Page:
Counties outside the epicenter (the "non-epicenter") were divided into four radial regions, R1 to R4, with increasing distance from the epicenter (Figure 1). Radial regions were defined as follows: R1 = Putnam, Orange, Dutchess, Sullivan, and Ulster counties; R2 = Columbia, Delaware, Greene, Rensselaer, Montgomery, Albany, Otsego, Broome, Cortland, Schenectady, Schoharie, and Chenango counties; R3 = Fulton, Essex, Hamilton, Herkimer, Allegany, Lewis, Chemung, Madison, Cayuga, Schuyler, Yates, Washington, Warren, Tompkins, Tioga, Steuben, Onondaga, Seneca, Saratoga, Ontario, Oswego, and Oneida counties; and R4 = Monroe, Wyoming, Cattaraugus, Wayne, Chautauqua, Erie, Clinton, Genesee, Jefferson, Orleans, St. Lawrence, Niagara, Franklin, and Livingston counties.
During the 2000 transmission season, WN virus testing was performed on 3,403 dead birds, representing 153 species, 46 families, and 18 orders. The 1,201 WN virus-positive birds represented 63 species, 30 families, and 14 orders (Table 1). The percentage of WN virus-positive birds was 35% for all birds submitted for testing from throughout the state. Avian species that were >35% positive and for which at least 10 birds were tested included American Kestrel (57%, n=14), Cedar Waxwing (60%, n=10), Ovenbird (50%, n=18), American Crow (47%, n=1,687), Fish Crow (47%, n=45), and Red-tailed Hawk (43%, n=14). The discrepancies in number of birds tested make comparisons between species difficult.
The percentage of WN virus-positive birds was analyzed for the epicenter and non-epicenter regions. Data are included for avian species for which at least 10 birds were tested in one of the regions (Table 2). For all submitted birds, 51% and 23% WN virus-positive birds were found in the epicenter and non-epicenter regions, respectively. WN virus infection in dead birds was highest for American Crows (67%) in the epicenter. In the non-epicenter, WN virus infection for crows was lower, similar to infection in all birds in this region. High numbers of crows were tested in both regions, and the percentage positive differed by almost threefold.
WN virus infection in dead birds was examined over time for American Crows and all other birds in the epicenter and four radial regions in New York State (Figure 2). Comparison of American Crows in the five regions (Figure 2A) revealed the highest peak in the epicenter during September. In addition, the peak for American Crows in the epicenter was much broader than for the other four regions. For September, the peaks for American Crows in R1 and R2 were greater than those in the more distant regions, R3 and R4, suggesting a minor extension of the epicenter during this month. Comparison of all birds except American Crows in the five regions (Figure 2B) revealed little difference between the regions, even for the epicenter. These data support the hypothesis that the susceptibility to WN disease was greatest in crows in the epicenter.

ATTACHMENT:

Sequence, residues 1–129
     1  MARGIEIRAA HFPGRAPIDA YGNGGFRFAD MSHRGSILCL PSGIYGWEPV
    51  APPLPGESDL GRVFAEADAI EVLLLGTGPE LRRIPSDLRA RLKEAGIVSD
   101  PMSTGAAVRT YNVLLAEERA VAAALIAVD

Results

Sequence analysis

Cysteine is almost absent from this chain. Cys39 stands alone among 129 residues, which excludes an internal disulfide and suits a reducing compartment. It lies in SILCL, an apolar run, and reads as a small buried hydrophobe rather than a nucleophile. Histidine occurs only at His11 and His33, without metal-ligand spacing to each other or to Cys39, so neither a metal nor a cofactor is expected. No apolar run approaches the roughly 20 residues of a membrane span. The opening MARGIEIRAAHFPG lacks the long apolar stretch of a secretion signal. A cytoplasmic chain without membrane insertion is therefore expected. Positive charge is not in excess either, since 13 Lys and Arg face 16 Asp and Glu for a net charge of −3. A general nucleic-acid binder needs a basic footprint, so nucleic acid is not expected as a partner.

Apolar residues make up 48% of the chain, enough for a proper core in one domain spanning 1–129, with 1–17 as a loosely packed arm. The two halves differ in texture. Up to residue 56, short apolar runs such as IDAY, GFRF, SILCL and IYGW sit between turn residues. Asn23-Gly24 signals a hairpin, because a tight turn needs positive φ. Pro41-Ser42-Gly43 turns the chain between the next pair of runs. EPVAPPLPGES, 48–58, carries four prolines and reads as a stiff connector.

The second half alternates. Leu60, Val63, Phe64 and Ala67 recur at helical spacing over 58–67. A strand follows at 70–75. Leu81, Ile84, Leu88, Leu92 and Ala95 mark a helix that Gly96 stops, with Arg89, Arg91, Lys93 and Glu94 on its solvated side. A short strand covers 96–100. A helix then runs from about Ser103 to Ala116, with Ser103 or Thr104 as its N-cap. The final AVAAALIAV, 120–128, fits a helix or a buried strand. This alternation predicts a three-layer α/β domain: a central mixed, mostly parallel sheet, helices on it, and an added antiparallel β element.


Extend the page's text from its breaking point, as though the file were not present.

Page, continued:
We tested 9,954 mosquito pools with 317,668 mosquitoes, representing 28 species and eight genera (Table 3). Of eight positive species representing four genera, most positive pools were Culex species (n=341), compared with only 22 positive pools in the other three genera. All but five of the positive pools were collected in the epicenter. The MIR was calculated for each species in the epicenter for which at least 1,000 mosquitoes were tested (Table 3). In the epicenter, the MIR ranged from 0.47 to 3.55. The MIR of Cx. pipiens was the highest for an individual species. All the pure Cx. restuans pools were negative, and the MIR for Cx. pipiens-restuans was almost half that of the pure Cx. pipiens pools; therefore, the positive mosquitoes in the mixed pools of Cx. pipiens-restuans were most likely Cx. pipiens. The MIRs for Cx. pipiens and Cx. pipiens-restuans were compared with the percentage of positive American Crows in the epicenter for each week of the transmission season (Figure 3). The MIRs for Cx. pipiens and Cx. pipiens-restuans peaked 3 and 2 weeks, respectively, before the peak for positive crows. These data support the hypothesis that Cx. pipiens is an important enzootic vector of WN virus in New York.
The epicenter was examined as individual boroughs and counties to compare vertebrate and invertebrate WN virus infections (Table 4). The percentage of positive American Crows was calculated, and human and equine cases were noted for each county over the entire season. The MIRs of mosquitoes from each county were calculated for species with at least 1000 mosquitoes tested. Six mosquito species or groups met this criterion. The highest number of vertebrates infected with WN virus was found in Staten Island and was associated with the highest mosquito MIRs. This borough had measurable MIRs for five mosquito groups: Cx. pipiens, Cx. species, Cx. pipiens-restuans, Cx. salinarius, and Ae. vexans.
Virus isolation was performed on mosquito samples by cell culture. WN virus was isolated from 110 samples, including Cx. pipiens-restuans (n=60), Cx. pipiens (n=25), Cx. salinarius (n=13), Culex species (n=9), Ae. triseriatus (n=1), Ae. vexans (n=1), and Psorophora ferox (n=1). No virus was isolated from any of the WN virus RNA-positive pools of Ae. japonicus, Ae. cantator, and An. punctipennis. Pools that were negative on Vero cell culture were passaged repeatedly in Aedes albopictus (C6/36) cells; these further attempts to isolate virus were unsuccessful. Other viruses isolated were trivittatus virus from Ae. trivittatus (n=4) and Ae. triseriatus (n=1), Cache Valley virus from Ae. trivittatus (n=2) and Ae. triseriatus (n=2), and Flanders virus from Cx. pipiens-restuans (n=7), Cx. pipiens (n=2), and Cs. melanura (n=11). Eastern equine encephalitis virus and California group viruses other than trivittatus were not isolated from any of the Culiseta or Aedes pools.